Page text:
Sunday, 9 January 2011

Advertising Thimbles

There have been lots of different ways of advertising products or services over the years.  These days the most powerful methods are probably the television and the internet. Both tend to get taken for granted and its hard for us living in a technology driven world to imagine what life was like before the internet or even the good old Telly.

The first electronically transmitted television pictures were sent in 1926 but it wasn't until much later, probably the 1950s/1960s when most households would be able to get a TV.  The world wide web has only been in public use since the 1990s. 

Now advertising has been around a lot longer than that, so what did people use? Newspapers?  Radio?  Well, why not pop your product on a thimble?

This thimble is brass and has the wording "Use Hudson's Soaps" right around the base.  The vertical lines surrounding the wording, could indicate that this was possibly made by Charles Iles of Birmingham, a thimble maker who specialised in base metals.

 Now, I think this is quite clever advertising. What better way to highlight your product then by popping it on an item used to possibly mend or make a piece of clothing which would need washing at some point.  What do you need to wash clothes - soap, or in this case dry soap powder.  Hudson's was founded by Robert Spear Hudson in 1837.  He began grinding down the course soap available at the time to make finer flakes. Today, we would know this product as washing powder.   Hudson's Soap was eventually sold to Lever Brothers in 1908, who in turn merged with Margarine Unie and became Unilever in 1930.  The name Hudson's was in use until 1935.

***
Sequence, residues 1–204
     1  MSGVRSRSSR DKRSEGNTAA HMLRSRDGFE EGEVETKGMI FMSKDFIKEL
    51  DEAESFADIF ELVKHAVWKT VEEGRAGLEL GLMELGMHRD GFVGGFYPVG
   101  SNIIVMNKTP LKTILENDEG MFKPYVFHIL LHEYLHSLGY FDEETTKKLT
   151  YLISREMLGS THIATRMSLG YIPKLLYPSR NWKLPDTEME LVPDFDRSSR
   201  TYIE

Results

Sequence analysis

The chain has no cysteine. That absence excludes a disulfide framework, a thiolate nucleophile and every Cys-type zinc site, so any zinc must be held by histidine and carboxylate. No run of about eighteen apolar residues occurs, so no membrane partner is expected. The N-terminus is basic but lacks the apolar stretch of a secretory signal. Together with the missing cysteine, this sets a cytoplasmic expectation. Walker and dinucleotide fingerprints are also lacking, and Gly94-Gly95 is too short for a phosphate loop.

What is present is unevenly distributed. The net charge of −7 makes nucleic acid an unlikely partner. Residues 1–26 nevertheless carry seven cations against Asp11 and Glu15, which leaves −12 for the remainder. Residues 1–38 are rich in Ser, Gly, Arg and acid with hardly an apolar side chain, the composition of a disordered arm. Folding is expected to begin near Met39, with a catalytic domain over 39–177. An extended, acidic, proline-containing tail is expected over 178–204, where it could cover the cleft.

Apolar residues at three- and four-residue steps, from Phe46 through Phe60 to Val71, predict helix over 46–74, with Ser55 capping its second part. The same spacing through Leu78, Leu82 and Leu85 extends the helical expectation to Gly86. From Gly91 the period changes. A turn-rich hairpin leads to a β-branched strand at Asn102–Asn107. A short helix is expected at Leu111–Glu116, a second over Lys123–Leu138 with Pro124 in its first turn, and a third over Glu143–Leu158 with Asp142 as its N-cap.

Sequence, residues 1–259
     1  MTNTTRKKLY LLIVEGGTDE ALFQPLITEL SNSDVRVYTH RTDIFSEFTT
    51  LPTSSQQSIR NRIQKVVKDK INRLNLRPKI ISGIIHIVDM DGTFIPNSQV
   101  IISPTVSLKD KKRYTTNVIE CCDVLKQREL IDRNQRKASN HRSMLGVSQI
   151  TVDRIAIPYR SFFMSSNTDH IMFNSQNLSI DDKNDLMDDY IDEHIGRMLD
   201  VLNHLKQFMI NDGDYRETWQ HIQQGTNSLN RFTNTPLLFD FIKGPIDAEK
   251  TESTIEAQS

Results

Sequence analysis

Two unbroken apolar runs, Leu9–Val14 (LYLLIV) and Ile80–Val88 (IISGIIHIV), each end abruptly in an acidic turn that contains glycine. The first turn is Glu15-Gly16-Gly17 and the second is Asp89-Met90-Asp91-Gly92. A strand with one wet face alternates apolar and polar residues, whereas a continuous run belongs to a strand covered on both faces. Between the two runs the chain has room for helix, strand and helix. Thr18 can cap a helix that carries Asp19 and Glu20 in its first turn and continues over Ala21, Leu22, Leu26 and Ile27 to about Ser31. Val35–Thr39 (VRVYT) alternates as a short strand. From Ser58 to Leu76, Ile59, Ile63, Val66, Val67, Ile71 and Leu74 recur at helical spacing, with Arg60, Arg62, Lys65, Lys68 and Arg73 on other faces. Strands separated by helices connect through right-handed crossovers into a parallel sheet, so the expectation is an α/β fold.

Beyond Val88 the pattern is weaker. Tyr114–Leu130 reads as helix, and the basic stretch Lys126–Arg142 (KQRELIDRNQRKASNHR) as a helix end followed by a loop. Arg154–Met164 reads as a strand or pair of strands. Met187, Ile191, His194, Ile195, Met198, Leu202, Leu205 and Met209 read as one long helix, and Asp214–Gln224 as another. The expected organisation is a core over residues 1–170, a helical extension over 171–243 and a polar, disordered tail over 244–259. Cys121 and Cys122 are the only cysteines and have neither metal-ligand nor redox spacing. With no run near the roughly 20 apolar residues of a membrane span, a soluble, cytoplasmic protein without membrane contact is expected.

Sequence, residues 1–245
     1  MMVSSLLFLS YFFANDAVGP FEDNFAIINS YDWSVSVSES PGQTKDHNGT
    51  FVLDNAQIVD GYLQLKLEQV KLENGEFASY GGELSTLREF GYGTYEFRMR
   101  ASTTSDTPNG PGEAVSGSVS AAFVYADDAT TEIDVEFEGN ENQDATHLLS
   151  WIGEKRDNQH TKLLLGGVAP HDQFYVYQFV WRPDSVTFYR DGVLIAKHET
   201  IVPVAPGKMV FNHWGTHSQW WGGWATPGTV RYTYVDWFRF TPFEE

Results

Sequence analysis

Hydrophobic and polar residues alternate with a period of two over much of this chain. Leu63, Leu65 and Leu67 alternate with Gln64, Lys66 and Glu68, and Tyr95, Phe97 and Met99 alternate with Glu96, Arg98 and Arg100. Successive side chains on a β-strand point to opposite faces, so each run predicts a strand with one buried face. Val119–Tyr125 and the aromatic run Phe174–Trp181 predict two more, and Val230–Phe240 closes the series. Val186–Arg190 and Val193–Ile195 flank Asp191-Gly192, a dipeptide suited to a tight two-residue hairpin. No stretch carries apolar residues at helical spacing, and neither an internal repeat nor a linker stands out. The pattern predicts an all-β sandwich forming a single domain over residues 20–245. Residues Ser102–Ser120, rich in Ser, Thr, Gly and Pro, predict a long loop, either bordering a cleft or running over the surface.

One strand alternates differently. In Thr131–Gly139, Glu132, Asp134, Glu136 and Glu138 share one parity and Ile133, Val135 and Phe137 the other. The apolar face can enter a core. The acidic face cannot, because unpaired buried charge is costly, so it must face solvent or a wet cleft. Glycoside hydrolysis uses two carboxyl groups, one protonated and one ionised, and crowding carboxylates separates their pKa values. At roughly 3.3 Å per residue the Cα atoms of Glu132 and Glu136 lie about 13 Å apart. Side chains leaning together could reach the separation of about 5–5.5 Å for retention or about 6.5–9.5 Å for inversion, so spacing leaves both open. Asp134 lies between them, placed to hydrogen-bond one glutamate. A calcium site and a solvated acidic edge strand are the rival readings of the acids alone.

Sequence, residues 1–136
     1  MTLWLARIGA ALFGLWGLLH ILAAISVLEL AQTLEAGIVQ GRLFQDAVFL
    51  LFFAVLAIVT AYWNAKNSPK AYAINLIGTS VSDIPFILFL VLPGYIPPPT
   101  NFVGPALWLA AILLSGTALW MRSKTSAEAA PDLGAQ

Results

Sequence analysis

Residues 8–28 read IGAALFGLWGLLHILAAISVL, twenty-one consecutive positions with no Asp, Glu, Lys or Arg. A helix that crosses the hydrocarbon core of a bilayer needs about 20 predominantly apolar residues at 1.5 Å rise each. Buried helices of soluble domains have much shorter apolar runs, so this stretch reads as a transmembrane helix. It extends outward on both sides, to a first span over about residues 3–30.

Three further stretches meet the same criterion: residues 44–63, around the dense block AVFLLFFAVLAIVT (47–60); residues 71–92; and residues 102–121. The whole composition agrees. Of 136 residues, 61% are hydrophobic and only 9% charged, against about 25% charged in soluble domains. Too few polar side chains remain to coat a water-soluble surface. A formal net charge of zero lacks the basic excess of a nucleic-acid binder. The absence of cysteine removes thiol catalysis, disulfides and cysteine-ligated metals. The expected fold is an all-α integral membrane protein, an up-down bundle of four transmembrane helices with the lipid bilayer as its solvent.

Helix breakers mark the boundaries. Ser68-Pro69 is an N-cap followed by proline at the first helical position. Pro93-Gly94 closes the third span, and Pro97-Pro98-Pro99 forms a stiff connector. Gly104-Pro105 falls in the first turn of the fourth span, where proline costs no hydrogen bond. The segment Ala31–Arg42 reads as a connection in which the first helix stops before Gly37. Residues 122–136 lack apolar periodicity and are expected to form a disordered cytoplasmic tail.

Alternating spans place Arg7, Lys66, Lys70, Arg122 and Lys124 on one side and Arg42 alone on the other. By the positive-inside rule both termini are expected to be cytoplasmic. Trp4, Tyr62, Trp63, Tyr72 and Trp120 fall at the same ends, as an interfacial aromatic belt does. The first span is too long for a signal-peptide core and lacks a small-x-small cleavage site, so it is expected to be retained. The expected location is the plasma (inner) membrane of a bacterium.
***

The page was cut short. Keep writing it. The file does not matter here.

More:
Just goes to show that advertising is always at it's best when it's simple but effective!

Bye for Now




  1. I have a thimble like this with Hudson's soap. What would be its resale value

    1. Hi Nigel,

      Thimble value is determined by a number of things. Condition, rarity and age are a few. Advertising thimbles like this one were mass produced. They pop up on eBay from time to time for around £0.50 - £1.